Posted in writing tip

What’s in a name?

Names. Like naming children, naming our characters can be a daunting prospect. Get it right and our characters and their names are a seamless whole,the words tripping off the tongue and sticking in people’s minds – Harry Potter, Voldemort, Frodo and Bilbo Baggins, Verruca Salt, Lyra Belacqua and Thursday Next. A good name fits the character like a glove, suits them and can provide an additional clue to who they are or be an extra riddle to challenge the reader.

Sometimes characters turn up with their names already attached. The result of a sort of writer’s intuition, that name is often the best choice. Trust your instincts. However sometimes I find when naming multiple characters in a longer piece of fiction that I have subconsciously made many of the names start with the same letter and changes are necessary to avoid confusion. A book of baby names (or two) is a good resource. If you are writing historical fiction, try the internet. I also check out Births, Deaths and Marriages columns for names and also sit through movie credits with pen and paper at the ready. Movie credits can be a fantastic place to find interesting and unusual names and I’m not just talking about the actors. Sometimes the foley artists, the special effects guys and the grips have the best names. It is a good idea if you are getting into this writing gig for the long haul to collect names that you like or that have a strong connection for you. Like screenwriters who write scripts with particular actors in mind I have several names I am keen to write stories around. However liking a name is not always enough on its own to make the name right for your character. It still has to fit with who they are, how they behave and when and where they lived.

Names must suit the tone and setting of your story. Names are era, socio-economically and of course gender sensitive. For example, think of the names Nigel, Rupert, Bruce and Matt. Or Charlotte and Tiffany, Kylie and Lisa. What about Mabel or Myrtle and Agnes or Jeremiah. Paddy and Duncan could have a Scottish background while Marcelle and Dominique are most likely French. And what about Inga, Olga and Hans? It can be tempting to use unusual names and this can work really well, but it can also fail miserably. Standing out is not always the right thing for your character. If you are writing for children, everyday names can make it easier for the reader to connect with your character. Of course while unusual names can be a curse in a novel or short story they can be the whole point in a picture book, for example Hubert Horatio Bartle Bobton Trent, Mog, or Hairy McLairy and Bottomley Potts. In picture books, rhythmic and rhyming qualities may be the deciding factor. In my picture book The Were-Nana, while rhyming wasn’t an issue, choosing the name Simon for the brother gave me the opportunity to echo the Simon Say’s children’s game in several places. This name also helped with the rhythm of the story. The name Nana Lupin from the same book is a play on the root word for wolf.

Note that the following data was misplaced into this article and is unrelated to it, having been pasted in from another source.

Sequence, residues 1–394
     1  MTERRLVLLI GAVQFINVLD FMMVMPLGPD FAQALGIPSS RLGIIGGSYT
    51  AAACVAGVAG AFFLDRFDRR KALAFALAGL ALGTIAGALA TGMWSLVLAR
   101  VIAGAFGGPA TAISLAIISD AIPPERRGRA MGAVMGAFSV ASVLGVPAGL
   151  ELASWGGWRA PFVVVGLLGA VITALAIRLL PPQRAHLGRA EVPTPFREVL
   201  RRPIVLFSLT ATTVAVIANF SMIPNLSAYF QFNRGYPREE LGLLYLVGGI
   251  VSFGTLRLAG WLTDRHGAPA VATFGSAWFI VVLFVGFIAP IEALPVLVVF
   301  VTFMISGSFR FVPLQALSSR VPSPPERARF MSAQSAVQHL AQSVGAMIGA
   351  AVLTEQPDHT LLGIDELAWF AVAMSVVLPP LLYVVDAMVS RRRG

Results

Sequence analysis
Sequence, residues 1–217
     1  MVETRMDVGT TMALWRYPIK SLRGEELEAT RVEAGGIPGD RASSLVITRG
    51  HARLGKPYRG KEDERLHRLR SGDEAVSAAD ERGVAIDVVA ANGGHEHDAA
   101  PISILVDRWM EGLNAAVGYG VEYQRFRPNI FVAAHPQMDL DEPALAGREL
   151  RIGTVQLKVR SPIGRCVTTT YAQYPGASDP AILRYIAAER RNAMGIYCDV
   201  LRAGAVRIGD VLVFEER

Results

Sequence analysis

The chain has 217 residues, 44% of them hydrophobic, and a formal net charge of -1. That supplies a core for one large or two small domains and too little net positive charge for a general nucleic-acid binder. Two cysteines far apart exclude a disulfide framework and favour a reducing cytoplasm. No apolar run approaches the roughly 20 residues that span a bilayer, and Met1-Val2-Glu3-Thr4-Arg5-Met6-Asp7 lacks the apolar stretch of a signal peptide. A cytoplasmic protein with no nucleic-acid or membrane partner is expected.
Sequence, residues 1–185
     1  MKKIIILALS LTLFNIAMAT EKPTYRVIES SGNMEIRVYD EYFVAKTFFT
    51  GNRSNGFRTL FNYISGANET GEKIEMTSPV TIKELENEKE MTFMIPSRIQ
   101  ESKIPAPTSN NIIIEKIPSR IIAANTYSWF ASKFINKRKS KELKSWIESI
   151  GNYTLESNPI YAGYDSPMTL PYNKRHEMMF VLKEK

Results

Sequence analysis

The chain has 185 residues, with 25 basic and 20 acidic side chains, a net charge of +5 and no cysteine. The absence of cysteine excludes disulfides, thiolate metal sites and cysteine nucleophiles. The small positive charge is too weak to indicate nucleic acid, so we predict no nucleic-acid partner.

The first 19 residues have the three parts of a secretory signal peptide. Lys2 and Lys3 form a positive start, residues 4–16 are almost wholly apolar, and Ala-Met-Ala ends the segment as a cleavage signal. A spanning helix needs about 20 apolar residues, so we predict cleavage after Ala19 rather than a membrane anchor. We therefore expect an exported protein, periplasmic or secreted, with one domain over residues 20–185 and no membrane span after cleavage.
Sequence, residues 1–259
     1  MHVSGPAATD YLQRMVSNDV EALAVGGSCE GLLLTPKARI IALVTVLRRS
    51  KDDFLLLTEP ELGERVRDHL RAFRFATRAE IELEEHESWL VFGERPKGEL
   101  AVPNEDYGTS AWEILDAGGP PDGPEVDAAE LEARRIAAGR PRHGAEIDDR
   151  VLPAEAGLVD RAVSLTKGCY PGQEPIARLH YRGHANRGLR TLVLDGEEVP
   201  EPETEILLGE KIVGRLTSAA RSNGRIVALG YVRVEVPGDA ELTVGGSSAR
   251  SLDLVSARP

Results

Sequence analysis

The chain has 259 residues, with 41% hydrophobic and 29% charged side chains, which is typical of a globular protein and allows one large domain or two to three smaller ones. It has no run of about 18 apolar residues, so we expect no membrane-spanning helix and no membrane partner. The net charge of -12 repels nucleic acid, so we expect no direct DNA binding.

Phew – there is a lot to take into consideration when naming your character. It can be one of the hardest decisions but ultimately you want it to look like it was no trouble at all. And like naming your own children, if your character makes it in to print the book will have to live with that name for the rest of its life. If you think the names will stand this test then you’ve done your job.

Good luck with your writing

Melinda

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